The pain of abandonment, the fate of people affected by political crises in their countries and their impact on families and motherhood are themes that come together in a film that presents strong performances that highlight the predicaments of the characters. While watching another film by Venezuelan actress Samantha Castillo, Milan instinctively knew that he had found his protagonist. Once she agreed, the other actors also readily agreed to be a part of the film. Castillo insisted on doing all the scenes herself and did not use a double but it was the personal experiences of the cast members that lent an air of authenticity to their performances. 

Describing the experience, Milan said, “As a director, I did not have to do much to direct them [the actors] because to some extent, they were facing similar circumstances in Venezuela. They saw their friends leave the country. Samantha herself was leaving the country and moving to Mexico, so when they came to the set, they pretty much embodied the characters; they were going through the same things that the characters were going through.”

Milan also chose to shoot with 16mm film to enhance the nostalgic look of the film and bring out the emotional state of the characters. However, the film had an arduous journey while being made and fell prey to the shifts in political regimes in Brazil. “It’s always hard to make films and it’s even harder to make short films because we never have the budget that we wish for and it’s hard to find financing for shorts because it’s difficult to get your money back…but in Brazil, especially now with [Jair] Bolsonaro, things became much much worse. One thing that happened with me doing Seiva Bruta was a great lesson for me as a filmmaker in Brazil. I got money from the Brazilian government before Bolsonaro took over and I was given the go-ahead to start production.”

“The film went on the floors in December and Bolsonaro took over in January 2019 and the first thing he did was freeze all the government money that was going to cinema. So we never got the money that was promised to us but we had the whole production going and were on location. It was very complicated. We had to convince everybody that we would pay them but it would be longer than expected and everybody understood. So it’s very difficult to make movies in Brazil.”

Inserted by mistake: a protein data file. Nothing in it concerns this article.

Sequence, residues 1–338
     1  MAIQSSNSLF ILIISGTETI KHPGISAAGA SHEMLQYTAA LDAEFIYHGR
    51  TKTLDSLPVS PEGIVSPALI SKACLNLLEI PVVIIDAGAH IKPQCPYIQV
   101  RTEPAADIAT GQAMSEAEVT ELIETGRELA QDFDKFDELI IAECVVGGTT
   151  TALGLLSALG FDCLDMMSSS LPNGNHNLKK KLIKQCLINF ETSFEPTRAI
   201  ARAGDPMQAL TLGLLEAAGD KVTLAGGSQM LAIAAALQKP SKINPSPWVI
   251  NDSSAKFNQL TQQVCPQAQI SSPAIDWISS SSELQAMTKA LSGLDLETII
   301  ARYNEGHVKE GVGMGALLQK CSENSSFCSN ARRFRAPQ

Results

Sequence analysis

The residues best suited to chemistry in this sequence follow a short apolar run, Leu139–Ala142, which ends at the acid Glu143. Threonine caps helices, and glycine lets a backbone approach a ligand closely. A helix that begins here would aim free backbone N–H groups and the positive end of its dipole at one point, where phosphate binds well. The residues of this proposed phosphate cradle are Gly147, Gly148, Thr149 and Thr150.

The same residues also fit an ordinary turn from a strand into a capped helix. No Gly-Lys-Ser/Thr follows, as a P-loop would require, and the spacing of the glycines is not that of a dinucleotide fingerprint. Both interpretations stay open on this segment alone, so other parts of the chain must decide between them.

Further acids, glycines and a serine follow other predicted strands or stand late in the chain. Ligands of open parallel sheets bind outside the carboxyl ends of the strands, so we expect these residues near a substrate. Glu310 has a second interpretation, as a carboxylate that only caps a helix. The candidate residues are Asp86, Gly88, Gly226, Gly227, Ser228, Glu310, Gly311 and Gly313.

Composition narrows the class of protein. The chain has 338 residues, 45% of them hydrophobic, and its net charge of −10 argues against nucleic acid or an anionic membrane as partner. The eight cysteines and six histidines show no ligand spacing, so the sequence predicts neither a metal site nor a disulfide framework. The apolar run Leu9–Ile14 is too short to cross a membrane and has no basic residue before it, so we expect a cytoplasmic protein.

Seiva Bruta has seen a great response and won the Grand Chameleon Award for Best Narrative Short at the Brooklyn Film Festival, the Best International Short at the ShortShorts Asia festival, amongst others.

Sharing his thoughts on the subjects that excite him as a filmmaker, he said, “My career is very recent. I started making films in 2014 so I’m still trying to understand who am I as a filmmaker and as an artist, and I feel like doing short films is a great way to explore my voice, to do different things. I just shot another short film in Brazil which has a completely different tone and a completely different story. I like to explore and I think I want to be like this forever. I like to be ambiguous as an artist but I like characters who are conflicted. In the case of Marta, her body wants something, it’s longing for her baby, who she left behind but her mind has a very rational goal. I like that conflict where her mind wants something and her body wants something else. I am interested in characters who have a very deep internal conflict.”

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Palm Springs Short Festival